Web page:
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Wagner’s “Ring” cycle for beginners

February 8, 2012

Wagner in 1871, from the Wikipedia page on the composer, _Wagner

Although this blog is nominally about houses and books, this post steps out of line to address a different subject. Recently I fulfilled a New Year’s resolution from 2011: to watch the entire four-opera, 16-hour “Ring of the Niebelungs” cycle by the composer Richard Wagner. Nobody in my own family or my in-laws’ family had ever done so, regarding Wagner as a nasty and disagreeable anti-Semite who after his death became irreparably tainted by Hitler’s wild enthusiasm for the music. But a glowing article in the New Yorker magazine last year about the emotional resonance of certain passages in Wagner’s opera made me resolve to open my ears and listen.

Many people hate opera on principle, but I worked on the Indiana University opera costume crew during college and I quite enjoyed “opera lite”:  non-objectionable standards like “La Traviata” and “La Boheme,” and operettas like “The Merry Widow” or Gilbert & Sullivan. So without any musical training or real background, I launched myself into a deep lake of serious opera music after having barely wetted my toes first. I don’t know what I expected, but I did not expect to be entranced, enthralled, captivated, and deeply moved.

Brunhilde the Valkyrie is probably the greatest female operatic role in the history of opera. Image from Wikipedia, Ring22.jpg

Many people think that J.R.R. Tolkien originated the concept of a Ring of Power that corrupts its user, but the story is embedded deeply in Germanic folk tales, and Wagner mined the source six or seven decades before Tolkien began writing “The Lord of the Rings.” Wagner’s Ring Cycle is pure fantasy, with four operas featuring gods, heroes, evil gnomes and giants, even a singing dragon. Any fan of fantasy fiction or comic books would find much to enjoy in the storyline. Wagner’s music demands the utmost physical effort and stamina from singers and musicians alike, but it also creates deep emotional responses in the listener. Listening to Bach, you probably feel neutral, or relaxed; but when you listen to Wagner, you’re caught up by gales and crashing waves that carry you away to amazing places.

I checked the DVDs out from the library and watched the operas one act at a time so as not to fatigue myself. (Many single acts in the “Ring” cycle last an hour and a half, same as a movie.) From the very beginning, the overture to “Das Rhinegold” blew my mind. I had never heard anything like it: a single chord, held and sustained for more than four minutes. It begins with upright basses playing so softly they can barely be heard: just a far-off, barely-audible hum. That hum slowly grows, in a manner that’s not unlike watching the sun come up over the horizon. The basses are slowly joined by horns and woodwinds and then strings, until the music begins to shimmer all up and down that single chord. By the end of the four minutes the music has swelled to a crescendo that vibrates and glitters like the sun shining on the waves, because it represents the legendary waters of the Rhine. Without any pause between the overture and the action, the Rhine maidens burst into glorious song and the story begins. (You can hear audio only, at The second opera of the series, “Die Walkure” has another impressive overture, one that obviously depicts a chase, someone being hunted by his enemies. The music is swift and pounds like racing feet through a forest, with a thunderstorm halfway through for added pressure. Listening to it, my heart actually began to beat faster and my breath grew tight. (Audio only,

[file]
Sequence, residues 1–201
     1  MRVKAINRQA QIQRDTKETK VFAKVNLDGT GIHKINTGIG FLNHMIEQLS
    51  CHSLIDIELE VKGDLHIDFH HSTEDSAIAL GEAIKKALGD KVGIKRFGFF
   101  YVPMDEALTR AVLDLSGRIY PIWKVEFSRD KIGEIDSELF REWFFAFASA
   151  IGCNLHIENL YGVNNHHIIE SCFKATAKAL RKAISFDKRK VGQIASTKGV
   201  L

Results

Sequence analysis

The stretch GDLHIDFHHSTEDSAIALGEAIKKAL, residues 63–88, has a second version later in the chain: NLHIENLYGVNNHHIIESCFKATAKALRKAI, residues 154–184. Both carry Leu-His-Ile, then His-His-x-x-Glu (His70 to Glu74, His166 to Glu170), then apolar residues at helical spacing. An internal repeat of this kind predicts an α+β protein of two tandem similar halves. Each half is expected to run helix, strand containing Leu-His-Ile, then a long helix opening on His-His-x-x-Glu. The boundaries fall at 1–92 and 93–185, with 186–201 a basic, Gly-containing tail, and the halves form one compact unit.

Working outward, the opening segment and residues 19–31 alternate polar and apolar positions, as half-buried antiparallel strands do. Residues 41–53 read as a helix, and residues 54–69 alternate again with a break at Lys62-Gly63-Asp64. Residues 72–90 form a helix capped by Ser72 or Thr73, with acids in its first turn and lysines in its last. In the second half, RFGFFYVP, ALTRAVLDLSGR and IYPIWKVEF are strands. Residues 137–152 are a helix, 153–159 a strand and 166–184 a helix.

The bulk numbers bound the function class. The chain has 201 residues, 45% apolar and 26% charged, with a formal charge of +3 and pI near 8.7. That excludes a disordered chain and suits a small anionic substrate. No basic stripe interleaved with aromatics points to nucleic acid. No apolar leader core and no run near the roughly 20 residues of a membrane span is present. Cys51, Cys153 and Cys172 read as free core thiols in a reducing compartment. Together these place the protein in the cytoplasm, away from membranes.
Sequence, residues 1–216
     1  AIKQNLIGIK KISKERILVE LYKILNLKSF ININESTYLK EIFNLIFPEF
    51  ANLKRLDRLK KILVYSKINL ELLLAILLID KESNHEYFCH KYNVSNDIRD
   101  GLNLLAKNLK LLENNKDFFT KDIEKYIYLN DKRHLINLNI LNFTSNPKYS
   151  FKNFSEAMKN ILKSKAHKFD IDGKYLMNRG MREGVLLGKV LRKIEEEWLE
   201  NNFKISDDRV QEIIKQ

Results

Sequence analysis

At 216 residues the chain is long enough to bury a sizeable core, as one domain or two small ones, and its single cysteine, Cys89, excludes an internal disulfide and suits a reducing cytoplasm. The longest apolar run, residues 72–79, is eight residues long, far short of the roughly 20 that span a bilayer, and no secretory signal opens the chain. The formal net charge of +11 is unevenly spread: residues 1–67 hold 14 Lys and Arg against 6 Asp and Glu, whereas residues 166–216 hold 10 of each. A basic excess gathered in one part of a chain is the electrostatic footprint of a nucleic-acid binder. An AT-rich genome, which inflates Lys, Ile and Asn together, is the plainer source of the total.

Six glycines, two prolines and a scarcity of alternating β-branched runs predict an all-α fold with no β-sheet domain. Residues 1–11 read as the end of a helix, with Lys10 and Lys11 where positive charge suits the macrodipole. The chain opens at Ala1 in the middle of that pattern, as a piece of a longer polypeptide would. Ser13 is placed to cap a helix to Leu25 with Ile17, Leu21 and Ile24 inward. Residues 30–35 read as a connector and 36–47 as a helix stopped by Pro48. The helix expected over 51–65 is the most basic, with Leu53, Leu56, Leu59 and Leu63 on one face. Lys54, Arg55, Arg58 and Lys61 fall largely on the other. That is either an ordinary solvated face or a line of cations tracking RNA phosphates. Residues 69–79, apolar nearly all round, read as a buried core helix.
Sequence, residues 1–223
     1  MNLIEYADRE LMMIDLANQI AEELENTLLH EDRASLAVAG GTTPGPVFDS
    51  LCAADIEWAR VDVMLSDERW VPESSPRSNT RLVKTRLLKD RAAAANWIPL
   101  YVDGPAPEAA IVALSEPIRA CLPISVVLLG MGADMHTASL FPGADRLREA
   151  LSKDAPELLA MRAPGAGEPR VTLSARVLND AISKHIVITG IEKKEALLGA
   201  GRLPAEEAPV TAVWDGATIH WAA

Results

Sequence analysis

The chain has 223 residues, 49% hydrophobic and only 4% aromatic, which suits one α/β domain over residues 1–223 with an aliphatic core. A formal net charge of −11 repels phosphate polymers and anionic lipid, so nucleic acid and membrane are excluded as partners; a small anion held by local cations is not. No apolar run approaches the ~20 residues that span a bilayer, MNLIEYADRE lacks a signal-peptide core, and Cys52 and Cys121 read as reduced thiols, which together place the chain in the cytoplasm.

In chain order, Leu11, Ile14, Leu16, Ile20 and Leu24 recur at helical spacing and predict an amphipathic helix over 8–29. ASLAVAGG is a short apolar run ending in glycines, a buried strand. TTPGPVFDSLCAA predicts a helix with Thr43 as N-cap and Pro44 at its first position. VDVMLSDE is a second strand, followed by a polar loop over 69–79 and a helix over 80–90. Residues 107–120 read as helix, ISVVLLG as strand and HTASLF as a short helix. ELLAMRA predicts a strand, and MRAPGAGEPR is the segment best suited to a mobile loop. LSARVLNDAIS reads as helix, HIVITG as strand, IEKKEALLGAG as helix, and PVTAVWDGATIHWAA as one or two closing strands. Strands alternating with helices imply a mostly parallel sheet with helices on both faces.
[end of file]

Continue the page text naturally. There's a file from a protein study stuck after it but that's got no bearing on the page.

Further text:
Wagner was the first modernist composer, exploring new musical territory in the 1860s when there was as yet no context for his music. You can’t whistle most of the bits from his operas, and yet his musical phrasings are profoundly lovely. He creates differing emotional moods in the listener through the means of music.  The action moves slowly, as if the characters are thinking and responding in real time; but this slowness and deliberation make the actions of the gods and heroes who are the main characters seem more weighty, more deliberate and mythic.

The traditional costuming and staging of Wagner's operas have been abandoned by most modern directors.

Because Wagner was in his time a modern composer, many modern directors have abandoned the traditional stagings, making the singers perform on empty stages, or wearing modern clothing. Today, helmeted shield-maidens in full song are considered hopelessly out of date when you have the option of incorporating mechanical cherry-pickers, a Segway, bondage gear and plastic breastplates, which are all contained in a YouTube clip of Brunhilde’s immolation scene from “Gotterdamerung” as performed by the Valencia opera company (certain comments below it were quite amusing). And yet, the virtue of the operas is such that they can usually withstand any postmodern staging that is inflicted upon them. After all, in what other artform do you get to see a noble Valkyrie throw herself onto her husband’s funeral pyre, triggering the world’s burning down and flooding, followed by rebirth?

Watching the “Ring” cycle was one of the great art experiences of my life. The only other thing I can compare it to is the experience of reading Tolstoy. I would willingly watch the entire 16 hours again, preferably with different productions to see how the different staging affects my reactions as a viewer.

Hear rocker Patti Smith at the Metropolitan Opera talk about how she enjoys Wagner,

For a good summary of the operas, the different productions and their troubled history, see the various pages at


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